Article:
HR Management & Compliance

Supreme Court will consider class action waivers

The U.S. Supreme Court has agreed to hear a trio of wage and hour cases involving arbitration agreements that require workers to waive their right to pursue employment claims as a group.

In recent years, the validity of such waivers has divided federal appeals courts and drawn the attention of the National Labor Relations Board (NLRB). The Board has held several times that even though federal law allows employers to adopt mandatory arbitration agreements, the National Labor Relations Act (NLRA) grants workers the nonwaivable right to pursue claims on a class or collective basis.

The NLRB first reached that conclusion in 2012, holding that an employer’s arbitration agreement violated the NLRA because it required employees to agree to dispute claims individually. The employer appealed to the U.S. 5th Circuit Court of Appeals, which reversed the Board’s ruling. D.R. Horton, Inc. v. NLRB, 737 F.3d 344 (5th Cir., 2013).

Undeterred, the NLRB reaffirmed its position in a 2014 ruling, which the 5th Circuit vacated. Murphy Oil U.S.A., Inc. v. NLRB, 808 F.3d 1013 (5th Cir., 2015).

The Supreme Court has now agreed to hear that case, along with two others that take the opposite position—Lewis v. Epic Systems Corp., 823 F.3d 1147 (7th Cir., 2016), and Morris v. Ernst & Young, LLP, 834 F.3d 975 (9th Cir., 2016).

The Supreme Court has previously upheld employers’ ability to require arbitration with respect to other laws, but it has not evaluated whether employees can waive their NLRA right to pursue claims collectively.

Potential outcomes

The NLRB is currently short two board members. Experts say that once President Donald Trump fills those vacancies, the Board may reverse course on some of its recent employee-friendly positions, including this issue. It will take some time to see the effects of the appointments, however, said David S. Fortney, a founder of Fortney & Scott LLC and an editor of Federal Employment Law Insider.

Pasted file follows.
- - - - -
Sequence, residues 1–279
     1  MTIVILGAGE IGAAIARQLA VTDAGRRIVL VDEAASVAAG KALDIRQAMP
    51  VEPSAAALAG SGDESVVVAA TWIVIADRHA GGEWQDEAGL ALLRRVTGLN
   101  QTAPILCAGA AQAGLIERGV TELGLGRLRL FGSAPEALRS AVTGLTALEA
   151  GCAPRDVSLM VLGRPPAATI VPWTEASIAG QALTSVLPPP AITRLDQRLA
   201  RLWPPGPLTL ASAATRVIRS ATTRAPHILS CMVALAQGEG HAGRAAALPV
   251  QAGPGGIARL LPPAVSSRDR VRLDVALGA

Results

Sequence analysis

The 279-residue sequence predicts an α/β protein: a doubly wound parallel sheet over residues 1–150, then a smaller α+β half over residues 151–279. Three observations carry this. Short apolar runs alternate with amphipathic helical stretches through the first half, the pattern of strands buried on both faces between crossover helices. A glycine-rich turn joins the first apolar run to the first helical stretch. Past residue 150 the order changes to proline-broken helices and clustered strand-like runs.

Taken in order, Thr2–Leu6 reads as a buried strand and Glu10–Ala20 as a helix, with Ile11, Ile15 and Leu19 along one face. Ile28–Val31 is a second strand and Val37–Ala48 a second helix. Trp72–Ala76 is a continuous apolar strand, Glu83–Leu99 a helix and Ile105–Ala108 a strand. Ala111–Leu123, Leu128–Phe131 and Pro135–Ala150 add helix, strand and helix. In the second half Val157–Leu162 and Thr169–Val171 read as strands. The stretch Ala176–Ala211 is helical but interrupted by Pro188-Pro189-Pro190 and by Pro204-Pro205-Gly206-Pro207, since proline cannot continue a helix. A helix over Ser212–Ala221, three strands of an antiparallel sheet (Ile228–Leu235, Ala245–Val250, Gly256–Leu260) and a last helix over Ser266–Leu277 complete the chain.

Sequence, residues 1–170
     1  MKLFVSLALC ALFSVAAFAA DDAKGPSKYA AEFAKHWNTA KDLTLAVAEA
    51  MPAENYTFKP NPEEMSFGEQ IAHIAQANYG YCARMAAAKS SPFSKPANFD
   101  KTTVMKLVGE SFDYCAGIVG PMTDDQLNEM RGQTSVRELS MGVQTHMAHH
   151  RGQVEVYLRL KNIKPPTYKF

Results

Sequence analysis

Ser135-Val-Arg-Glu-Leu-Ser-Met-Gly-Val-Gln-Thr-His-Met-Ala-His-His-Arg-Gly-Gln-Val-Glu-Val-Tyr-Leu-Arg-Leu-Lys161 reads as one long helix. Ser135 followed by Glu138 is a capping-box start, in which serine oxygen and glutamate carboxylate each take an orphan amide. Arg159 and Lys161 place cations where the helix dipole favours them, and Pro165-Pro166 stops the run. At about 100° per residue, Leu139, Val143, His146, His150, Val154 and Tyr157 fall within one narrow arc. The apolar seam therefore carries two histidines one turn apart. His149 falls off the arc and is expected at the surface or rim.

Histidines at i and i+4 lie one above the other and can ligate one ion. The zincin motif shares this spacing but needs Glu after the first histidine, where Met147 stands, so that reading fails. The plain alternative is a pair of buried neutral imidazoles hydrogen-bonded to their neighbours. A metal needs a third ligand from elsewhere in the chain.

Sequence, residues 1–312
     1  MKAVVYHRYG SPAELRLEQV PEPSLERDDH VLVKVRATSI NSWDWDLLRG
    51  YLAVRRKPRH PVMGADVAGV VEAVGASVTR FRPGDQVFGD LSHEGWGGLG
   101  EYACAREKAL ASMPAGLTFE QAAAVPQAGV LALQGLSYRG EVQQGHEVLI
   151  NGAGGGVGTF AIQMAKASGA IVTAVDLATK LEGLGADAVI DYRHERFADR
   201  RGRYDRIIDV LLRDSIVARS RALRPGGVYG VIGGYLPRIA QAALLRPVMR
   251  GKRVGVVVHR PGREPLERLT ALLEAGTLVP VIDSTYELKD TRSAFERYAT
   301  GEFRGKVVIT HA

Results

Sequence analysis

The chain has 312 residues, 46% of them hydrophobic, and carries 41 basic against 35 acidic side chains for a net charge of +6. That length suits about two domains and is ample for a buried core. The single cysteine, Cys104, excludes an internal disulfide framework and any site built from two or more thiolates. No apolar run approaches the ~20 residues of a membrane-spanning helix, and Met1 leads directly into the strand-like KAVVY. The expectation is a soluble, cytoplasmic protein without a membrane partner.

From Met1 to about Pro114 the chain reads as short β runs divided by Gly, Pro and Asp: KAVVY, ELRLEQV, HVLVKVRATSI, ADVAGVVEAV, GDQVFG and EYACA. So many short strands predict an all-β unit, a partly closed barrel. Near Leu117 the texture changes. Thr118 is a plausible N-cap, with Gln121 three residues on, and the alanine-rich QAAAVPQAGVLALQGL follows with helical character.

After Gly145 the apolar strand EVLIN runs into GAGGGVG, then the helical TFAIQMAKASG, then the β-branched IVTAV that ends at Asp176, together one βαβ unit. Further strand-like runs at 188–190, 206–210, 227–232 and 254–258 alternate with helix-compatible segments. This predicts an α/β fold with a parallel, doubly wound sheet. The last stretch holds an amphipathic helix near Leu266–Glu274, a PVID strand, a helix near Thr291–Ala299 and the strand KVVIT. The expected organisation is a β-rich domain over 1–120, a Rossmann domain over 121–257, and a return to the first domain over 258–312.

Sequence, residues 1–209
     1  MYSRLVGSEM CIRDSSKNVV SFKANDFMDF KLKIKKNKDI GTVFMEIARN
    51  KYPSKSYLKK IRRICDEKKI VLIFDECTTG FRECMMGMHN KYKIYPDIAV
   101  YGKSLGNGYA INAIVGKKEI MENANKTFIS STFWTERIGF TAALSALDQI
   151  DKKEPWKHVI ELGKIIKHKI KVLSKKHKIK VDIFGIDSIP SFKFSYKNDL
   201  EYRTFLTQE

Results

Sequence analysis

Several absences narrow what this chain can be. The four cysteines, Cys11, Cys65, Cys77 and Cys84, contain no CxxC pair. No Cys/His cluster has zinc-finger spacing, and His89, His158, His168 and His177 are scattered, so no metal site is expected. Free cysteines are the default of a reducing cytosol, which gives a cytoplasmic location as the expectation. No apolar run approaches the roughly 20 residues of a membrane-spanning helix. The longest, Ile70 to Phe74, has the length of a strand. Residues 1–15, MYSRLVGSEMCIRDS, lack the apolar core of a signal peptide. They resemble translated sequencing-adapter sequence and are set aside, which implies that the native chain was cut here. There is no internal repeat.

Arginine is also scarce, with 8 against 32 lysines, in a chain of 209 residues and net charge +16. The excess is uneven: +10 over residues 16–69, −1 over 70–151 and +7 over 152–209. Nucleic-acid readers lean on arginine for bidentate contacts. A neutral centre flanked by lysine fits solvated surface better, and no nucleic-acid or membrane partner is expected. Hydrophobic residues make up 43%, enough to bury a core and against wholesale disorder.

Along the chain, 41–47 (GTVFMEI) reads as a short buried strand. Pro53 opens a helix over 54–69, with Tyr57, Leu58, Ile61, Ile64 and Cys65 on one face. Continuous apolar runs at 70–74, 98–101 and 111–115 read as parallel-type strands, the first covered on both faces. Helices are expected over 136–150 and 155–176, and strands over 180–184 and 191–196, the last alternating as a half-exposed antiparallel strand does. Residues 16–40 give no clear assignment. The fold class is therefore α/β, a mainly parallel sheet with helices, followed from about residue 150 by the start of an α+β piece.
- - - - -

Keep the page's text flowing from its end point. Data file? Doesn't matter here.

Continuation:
The real game-changer will be when the current NLRB General Counsel’s term expires in November, Fortney said. The Board can rule only on cases brought by the General Counsel, so it could be at least a year until it can change some of its positions, he explained.

That means the NLRB is unlikely to be involved in further decision making on this issue. “This case is going to get decided on its own,” said Brian Mumaugh, a partner at Holland & Hart.

A new Supreme Court justice, however, could have an effect on the case, Mumaugh said. Trump has said he will nominate a justice during his first two weeks in office, which means the nominee could be in place by April, according to the SCOTUSblog. The Court has not yet said when it will consider this case, but Mumaugh said it is likely to do so by June. Thus, it’s possible the new justice could rule on the case.

However, while Trump is widely expected to appoint an employer-friendly justice, Mumaugh said it’s not a given that the Court will be split 5-4 on this issue. “Everybody thought the Obamacare ruling would go 5-4,” but it didn’t, he said. “So you never know. It’s difficult to predict.”

Employer takeaway

While clarity on the issue will be good for everybody, Mumaugh said, employers obviously will be disappointed if the Court finds class arbitration waivers invalid. Businesses have spent considerable time and money setting up the agreements, and they’ve been effective, he said.

If the Court rules in that direction, employers likely will look to other strategies to minimize the impact of potential litigation, Mumaugh said. “Everybody’s going to have to recalibrate and consider other options.”

One option is to continue using arbitration agreements but without class action waivers. Mumaugh said it’s also possible that employers will turn to jury waivers, which, as the name implies, ensure that a case is decided by a single judge. It’s not the same tool, but it is another way to lessen the impact of employment litigation, he said.

For now, employers probably will want to maintain the status quo, Mumaugh said. The risk of doing so is small compared to the work involved in undoing the waivers, especially considering that their validity ultimately may be upheld. “If you haven’t made any changes now, regardless of where you’re located or where your operations are, I would wait it out,” Mumaugh said. On the other hand, he said, “If you don’t have them in place, and you were considering it, I would wait until this decision comes down.”